, bestselling author of THE END OF FAITH takes on one of today's liveliest issues: whether or not we actually have free will.
The physiologist Benjamin Libet famously demonstrated that activity in the brain's motor regions can be detected some 300 milliseconds before a person feels that he has decided to move. Another lab recently used fMRI data to show that some “conscious” decisions can be predicted up to 10 seconds before they enter awareness (long before the preparatory motor activity detected by Libet). Clearly, findings of this kind are difficult to reconcile with the sense that one is the conscious source of one's actions. The question of free will is no mere curio of philosophy seminars. A belief in free will underwrites both the religious notion of “sin” and our enduring commitment to retributive justice. The Supreme Court has called free will a “universal and persistent” foundation for our system of law. Any scientific developments that threatened our notion of free will would seem to put the ethics of punishing people for their bad behaviour in question.In Free Will Harris debates these ideas and asks whether or not, given what brain science is telling us, we actually have free will?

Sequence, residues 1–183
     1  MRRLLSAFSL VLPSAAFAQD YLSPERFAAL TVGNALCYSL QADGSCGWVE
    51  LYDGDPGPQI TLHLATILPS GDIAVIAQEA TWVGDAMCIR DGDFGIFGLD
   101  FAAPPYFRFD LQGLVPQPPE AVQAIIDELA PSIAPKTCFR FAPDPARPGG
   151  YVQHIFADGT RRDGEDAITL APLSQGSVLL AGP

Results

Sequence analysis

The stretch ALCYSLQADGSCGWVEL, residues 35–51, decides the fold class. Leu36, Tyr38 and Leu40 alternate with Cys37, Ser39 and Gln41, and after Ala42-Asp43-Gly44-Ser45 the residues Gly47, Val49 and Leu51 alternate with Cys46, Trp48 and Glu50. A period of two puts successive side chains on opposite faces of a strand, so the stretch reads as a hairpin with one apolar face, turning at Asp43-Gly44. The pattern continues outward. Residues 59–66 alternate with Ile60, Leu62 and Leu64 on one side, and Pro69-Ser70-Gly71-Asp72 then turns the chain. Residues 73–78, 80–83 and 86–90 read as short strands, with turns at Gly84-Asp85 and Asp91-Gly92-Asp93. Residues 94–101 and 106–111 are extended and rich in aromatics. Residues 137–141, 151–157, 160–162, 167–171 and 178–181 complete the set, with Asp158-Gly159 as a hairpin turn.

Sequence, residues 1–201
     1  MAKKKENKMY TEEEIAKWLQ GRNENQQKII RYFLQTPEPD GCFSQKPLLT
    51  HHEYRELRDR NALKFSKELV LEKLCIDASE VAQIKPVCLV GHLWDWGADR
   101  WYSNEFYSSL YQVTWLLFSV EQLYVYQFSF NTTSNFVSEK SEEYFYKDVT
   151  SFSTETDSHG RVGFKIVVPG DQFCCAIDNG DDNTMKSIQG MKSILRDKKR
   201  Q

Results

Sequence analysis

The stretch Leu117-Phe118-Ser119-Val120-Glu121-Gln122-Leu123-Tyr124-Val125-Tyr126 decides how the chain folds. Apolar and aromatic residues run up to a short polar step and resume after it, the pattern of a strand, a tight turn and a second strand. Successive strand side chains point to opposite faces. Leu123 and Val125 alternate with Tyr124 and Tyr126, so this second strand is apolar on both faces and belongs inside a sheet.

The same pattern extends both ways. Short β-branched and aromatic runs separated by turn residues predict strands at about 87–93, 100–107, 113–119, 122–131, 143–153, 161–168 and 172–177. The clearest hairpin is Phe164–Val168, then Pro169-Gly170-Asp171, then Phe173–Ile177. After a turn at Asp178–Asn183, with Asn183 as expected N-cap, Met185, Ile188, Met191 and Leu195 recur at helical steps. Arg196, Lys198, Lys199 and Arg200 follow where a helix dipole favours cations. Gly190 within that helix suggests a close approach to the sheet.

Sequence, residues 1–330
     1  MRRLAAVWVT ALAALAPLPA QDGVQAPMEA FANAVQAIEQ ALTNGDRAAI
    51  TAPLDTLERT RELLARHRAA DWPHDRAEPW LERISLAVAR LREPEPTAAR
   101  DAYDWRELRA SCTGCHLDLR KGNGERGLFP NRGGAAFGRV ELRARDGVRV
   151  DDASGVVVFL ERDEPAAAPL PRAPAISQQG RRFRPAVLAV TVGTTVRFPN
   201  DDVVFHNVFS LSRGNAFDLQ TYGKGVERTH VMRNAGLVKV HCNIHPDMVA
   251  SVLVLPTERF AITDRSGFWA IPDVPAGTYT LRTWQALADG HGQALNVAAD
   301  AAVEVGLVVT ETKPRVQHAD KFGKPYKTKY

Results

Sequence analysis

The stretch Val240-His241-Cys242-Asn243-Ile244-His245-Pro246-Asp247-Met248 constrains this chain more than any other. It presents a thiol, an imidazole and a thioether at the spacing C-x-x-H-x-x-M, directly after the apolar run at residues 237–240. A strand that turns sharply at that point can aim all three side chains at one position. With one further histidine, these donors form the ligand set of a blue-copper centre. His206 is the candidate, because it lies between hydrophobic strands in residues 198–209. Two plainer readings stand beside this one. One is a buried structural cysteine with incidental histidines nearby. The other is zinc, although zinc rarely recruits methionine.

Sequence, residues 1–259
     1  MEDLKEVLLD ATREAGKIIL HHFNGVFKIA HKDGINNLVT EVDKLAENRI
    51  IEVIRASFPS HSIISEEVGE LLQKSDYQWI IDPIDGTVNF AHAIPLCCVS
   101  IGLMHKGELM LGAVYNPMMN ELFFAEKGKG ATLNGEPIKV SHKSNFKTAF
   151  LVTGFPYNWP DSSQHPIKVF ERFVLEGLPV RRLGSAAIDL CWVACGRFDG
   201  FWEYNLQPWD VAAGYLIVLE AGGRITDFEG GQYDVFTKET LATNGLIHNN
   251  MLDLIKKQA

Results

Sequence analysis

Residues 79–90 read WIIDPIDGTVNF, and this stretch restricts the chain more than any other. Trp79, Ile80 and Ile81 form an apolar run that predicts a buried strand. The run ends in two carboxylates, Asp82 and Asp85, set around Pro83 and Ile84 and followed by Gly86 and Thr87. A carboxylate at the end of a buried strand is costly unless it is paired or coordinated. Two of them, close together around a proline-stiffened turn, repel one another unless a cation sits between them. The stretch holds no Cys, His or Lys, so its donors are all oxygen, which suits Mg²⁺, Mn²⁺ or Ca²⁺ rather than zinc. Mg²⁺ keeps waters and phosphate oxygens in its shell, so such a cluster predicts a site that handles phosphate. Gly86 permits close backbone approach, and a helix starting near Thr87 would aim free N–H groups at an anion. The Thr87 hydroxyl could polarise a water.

—Paul Bloom, Professor of Psychology, Yale University, and author of “How Pleasure Works”
is the author of the bestselling books “The End of Faith, Letter to a Christian Nation, The Moral Landscape, ”and“ Lying. The End of Faith” won the 2005 PEN Award for Nonfiction. His writing has been published in over fifteen languages. Dr. Harris and his work have been discussed in “The New York Times, Scientific American, Nature, Rolling Stone, Newsweek, Time”, and many other publications. His writing has appeared in “The New York Times”, “Los Angeles Times”, “The Times” (London), “The”“Boston Globe, The Atlantic, Newsweek, Annals of Neurology”, and elsewhere. Dr. Harris is cofoun